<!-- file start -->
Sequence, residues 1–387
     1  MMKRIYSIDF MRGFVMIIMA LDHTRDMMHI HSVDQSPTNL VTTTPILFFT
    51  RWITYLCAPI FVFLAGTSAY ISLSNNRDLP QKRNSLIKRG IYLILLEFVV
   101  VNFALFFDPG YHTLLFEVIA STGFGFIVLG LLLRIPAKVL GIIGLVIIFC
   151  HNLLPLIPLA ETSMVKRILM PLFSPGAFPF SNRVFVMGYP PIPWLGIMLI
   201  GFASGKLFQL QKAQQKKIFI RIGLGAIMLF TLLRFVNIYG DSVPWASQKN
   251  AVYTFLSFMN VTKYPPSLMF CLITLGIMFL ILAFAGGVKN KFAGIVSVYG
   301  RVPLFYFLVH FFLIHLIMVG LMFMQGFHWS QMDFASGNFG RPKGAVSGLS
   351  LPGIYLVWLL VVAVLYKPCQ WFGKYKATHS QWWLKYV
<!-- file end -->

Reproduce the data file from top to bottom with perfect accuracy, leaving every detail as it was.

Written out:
Sequence, residues 1–387
     1  MMKRIYSIDF MRGFVMIIMA LDHTRDMMHI HSVDQSPTNL VTTTPILFFT
    51  RWITYLCAPI FVFLAGTSAY ISLSNNRDLP QKRNSLIKRG IYLILLEFVV
   101  VNFALFFDPG YHTLLFEVIA STGFGFIVLG LLLRIPAKVL GIIGLVIIFC
   151  HNLLPLIPLA ETSMVKRILM PLFSPGAFPF SNRVFVMGYP PIPWLGIMLI
   201  GFASGKLFQL QKAQQKKIFI RIGLGAIMLF TLLRFVNIYG DSVPWASQKN
   251  AVYTFLSFMN VTKYPPSLMF CLITLGIMFL ILAFAGGVKN KFAGIVSVYG
   301  RVPLFYFLVH FFLIHLIMVG LMFMQGFHWS QMDFASGNFG RPKGAVSGLS
   351  LPGIYLVWLL VVAVLYKPCQ WFGKYKATHS QWWLKYV